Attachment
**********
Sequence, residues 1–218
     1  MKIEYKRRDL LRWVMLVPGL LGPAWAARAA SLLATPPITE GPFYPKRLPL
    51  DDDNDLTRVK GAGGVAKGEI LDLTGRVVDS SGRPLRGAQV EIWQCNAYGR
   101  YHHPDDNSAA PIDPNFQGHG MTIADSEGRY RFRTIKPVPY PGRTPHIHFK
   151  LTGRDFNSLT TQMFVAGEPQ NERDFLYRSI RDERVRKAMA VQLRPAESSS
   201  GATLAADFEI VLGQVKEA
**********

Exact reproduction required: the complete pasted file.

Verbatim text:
Sequence, residues 1–218
     1  MKIEYKRRDL LRWVMLVPGL LGPAWAARAA SLLATPPITE GPFYPKRLPL
    51  DDDNDLTRVK GAGGVAKGEI LDLTGRVVDS SGRPLRGAQV EIWQCNAYGR
   101  YHHPDDNSAA PIDPNFQGHG MTIADSEGRY RFRTIKPVPY PGRTPHIHFK
   151  LTGRDFNSLT TQMFVAGEPQ NERDFLYRSI RDERVRKAMA VQLRPAESSS
   201  GATLAADFEI VLGQVKEA